1. Short and long forms

According to SCPI each command header can have short and long form. In order to distinguish both forms in command syntax description, upper and lower case characters are used. Note, that SCPI is case-insensitive, the usage of upper and lower case characters is done solely for the purpose of syntax definition. You may even mix upper and lower case. There is no semantic difference between upper and lower case in program messages. Same applies for parameters – they may have short and long forms.

Example 1. Let’s consider such syntax description: SYSTem:CONFigure <parameters>
Here SYST and CONF specify the short form, and SYSTem and CONFigure specify the long form. It means that the instrument will accept the following command headers: syst:conf , SYST:CONF , SYSTEM:CONFIGURE, SYST:CONFIGURE, or even sYstEm:cOnFiGuRE. However, SYSTE or CONFIG headers are not allowed and will cause a command error, because they don’t refer to short or long forms.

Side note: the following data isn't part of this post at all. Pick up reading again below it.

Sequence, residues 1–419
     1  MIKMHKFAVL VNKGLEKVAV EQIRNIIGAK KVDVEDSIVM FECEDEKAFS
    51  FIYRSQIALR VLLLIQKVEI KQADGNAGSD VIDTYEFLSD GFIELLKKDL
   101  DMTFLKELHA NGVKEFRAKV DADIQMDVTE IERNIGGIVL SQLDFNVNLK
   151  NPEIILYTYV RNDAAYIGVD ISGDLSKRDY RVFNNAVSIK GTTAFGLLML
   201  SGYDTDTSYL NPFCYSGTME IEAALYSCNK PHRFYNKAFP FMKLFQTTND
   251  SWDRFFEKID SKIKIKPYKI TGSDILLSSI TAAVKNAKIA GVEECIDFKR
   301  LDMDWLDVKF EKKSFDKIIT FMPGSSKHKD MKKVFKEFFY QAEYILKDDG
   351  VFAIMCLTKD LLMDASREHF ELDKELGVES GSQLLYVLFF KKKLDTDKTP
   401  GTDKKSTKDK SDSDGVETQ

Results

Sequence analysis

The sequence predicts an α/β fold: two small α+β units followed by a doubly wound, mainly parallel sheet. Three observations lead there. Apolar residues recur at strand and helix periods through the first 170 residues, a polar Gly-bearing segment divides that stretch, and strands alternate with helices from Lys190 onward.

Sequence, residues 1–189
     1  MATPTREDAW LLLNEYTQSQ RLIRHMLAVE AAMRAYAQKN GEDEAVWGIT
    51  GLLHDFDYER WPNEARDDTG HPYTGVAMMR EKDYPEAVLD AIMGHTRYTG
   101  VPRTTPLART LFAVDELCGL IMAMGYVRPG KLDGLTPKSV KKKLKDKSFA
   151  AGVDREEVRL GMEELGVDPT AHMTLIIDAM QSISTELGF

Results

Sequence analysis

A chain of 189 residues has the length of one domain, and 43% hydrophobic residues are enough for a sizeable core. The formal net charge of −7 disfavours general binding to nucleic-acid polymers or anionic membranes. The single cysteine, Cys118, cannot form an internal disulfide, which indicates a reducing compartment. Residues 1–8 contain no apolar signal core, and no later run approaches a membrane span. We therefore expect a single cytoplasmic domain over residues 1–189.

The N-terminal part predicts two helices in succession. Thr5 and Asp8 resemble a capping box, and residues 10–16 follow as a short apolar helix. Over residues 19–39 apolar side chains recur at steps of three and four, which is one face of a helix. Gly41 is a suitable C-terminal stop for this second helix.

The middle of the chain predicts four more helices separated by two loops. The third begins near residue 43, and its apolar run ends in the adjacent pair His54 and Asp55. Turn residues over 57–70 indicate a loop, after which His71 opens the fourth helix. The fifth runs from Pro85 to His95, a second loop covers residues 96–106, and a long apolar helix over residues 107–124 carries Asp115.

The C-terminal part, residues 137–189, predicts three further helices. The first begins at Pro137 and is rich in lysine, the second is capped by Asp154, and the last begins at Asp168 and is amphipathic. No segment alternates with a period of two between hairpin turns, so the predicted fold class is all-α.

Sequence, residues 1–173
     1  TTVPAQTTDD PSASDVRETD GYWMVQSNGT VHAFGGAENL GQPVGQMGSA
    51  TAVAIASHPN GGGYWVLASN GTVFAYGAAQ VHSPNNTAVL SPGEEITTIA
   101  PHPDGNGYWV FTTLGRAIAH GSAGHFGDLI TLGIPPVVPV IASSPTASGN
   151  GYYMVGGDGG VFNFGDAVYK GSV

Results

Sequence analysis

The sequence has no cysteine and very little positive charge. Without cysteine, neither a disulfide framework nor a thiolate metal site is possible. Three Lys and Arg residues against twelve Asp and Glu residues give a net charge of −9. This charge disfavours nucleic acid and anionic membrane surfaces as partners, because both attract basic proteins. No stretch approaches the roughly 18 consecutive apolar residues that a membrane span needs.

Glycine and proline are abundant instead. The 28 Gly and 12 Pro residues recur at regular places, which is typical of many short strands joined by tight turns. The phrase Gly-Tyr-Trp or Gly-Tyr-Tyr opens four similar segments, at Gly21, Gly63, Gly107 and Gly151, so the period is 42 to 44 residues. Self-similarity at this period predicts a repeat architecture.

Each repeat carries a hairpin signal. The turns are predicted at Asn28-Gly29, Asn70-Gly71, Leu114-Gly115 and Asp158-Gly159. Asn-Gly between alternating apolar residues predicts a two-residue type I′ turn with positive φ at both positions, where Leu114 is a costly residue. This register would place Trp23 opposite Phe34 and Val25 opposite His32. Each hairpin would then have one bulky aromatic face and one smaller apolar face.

Example 2. Let’s consider such syntax description :FORMat[:DATA] <format> , where <format> is one of ASCii, REAL or PACKed. Such argument syntax indicates that the argument may be specified as: ASCII, ASC, asc, REAL, real, PACKED, pack, PACK.

2. Default nodes and arguments

SCPI standard states that some nodes in SCPI commands tree may play role of default nodes. That means that it is not required to specify them in command headers. Same applies for arguments. In this manual optional nodes and arguments are denoted with square brackets.

For example, let’s consider the following syntax description: :FETCh[:SCALar]? [<series name>]

Here square brackets indicate the fact that the node inside them (SCALAR) is default node under its parent node (FETCH). That means that you can specify the header as: :FETCH or :FETCH:SCALAR and result will be same. Same applies for parameters in square brackets. In this syntax <series name> parameter is marked as optional. Exact behavior of a command with omitted parameter is specified separately for each command.